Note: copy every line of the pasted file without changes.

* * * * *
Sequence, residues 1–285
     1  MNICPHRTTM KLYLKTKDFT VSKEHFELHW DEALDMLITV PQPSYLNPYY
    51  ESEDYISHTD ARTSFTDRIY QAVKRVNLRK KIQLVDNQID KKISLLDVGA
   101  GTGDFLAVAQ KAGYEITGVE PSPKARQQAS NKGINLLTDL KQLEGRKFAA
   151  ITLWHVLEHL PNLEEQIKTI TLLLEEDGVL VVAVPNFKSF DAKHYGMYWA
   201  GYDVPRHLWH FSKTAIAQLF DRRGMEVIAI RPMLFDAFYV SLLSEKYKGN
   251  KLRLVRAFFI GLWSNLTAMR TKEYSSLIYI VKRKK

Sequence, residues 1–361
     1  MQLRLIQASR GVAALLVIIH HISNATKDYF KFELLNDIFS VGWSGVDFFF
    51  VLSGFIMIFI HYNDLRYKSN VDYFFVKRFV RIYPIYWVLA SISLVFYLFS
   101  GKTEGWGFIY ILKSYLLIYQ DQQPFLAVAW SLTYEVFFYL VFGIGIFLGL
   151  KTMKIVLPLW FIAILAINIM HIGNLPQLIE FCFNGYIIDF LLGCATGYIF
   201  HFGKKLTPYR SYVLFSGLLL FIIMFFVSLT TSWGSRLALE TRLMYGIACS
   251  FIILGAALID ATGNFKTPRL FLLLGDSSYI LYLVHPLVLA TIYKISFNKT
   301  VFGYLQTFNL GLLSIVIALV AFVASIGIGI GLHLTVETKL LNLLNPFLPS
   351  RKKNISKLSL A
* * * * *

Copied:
Sequence, residues 1–285
     1  MNICPHRTTM KLYLKTKDFT VSKEHFELHW DEALDMLITV PQPSYLNPYY
    51  ESEDYISHTD ARTSFTDRIY QAVKRVNLRK KIQLVDNQID KKISLLDVGA
   101  GTGDFLAVAQ KAGYEITGVE PSPKARQQAS NKGINLLTDL KQLEGRKFAA
   151  ITLWHVLEHL PNLEEQIKTI TLLLEEDGVL VVAVPNFKSF DAKHYGMYWA
   201  GYDVPRHLWH FSKTAIAQLF DRRGMEVIAI RPMLFDAFYV SLLSEKYKGN
   251  KLRLVRAFFI GLWSNLTAMR TKEYSSLIYI VKRKK

Sequence, residues 1–361
     1  MQLRLIQASR GVAALLVIIH HISNATKDYF KFELLNDIFS VGWSGVDFFF
    51  VLSGFIMIFI HYNDLRYKSN VDYFFVKRFV RIYPIYWVLA SISLVFYLFS
   101  GKTEGWGFIY ILKSYLLIYQ DQQPFLAVAW SLTYEVFFYL VFGIGIFLGL
   151  KTMKIVLPLW FIAILAINIM HIGNLPQLIE FCFNGYIIDF LLGCATGYIF
   201  HFGKKLTPYR SYVLFSGLLL FIIMFFVSLT TSWGSRLALE TRLMYGIACS
   251  FIILGAALID ATGNFKTPRL FLLLGDSSYI LYLVHPLVLA TIYKISFNKT
   301  VFGYLQTFNL GLLSIVIALV AFVASIGIGI GLHLTVETKL LNLLNPFLPS
   351  RKKNISKLSL A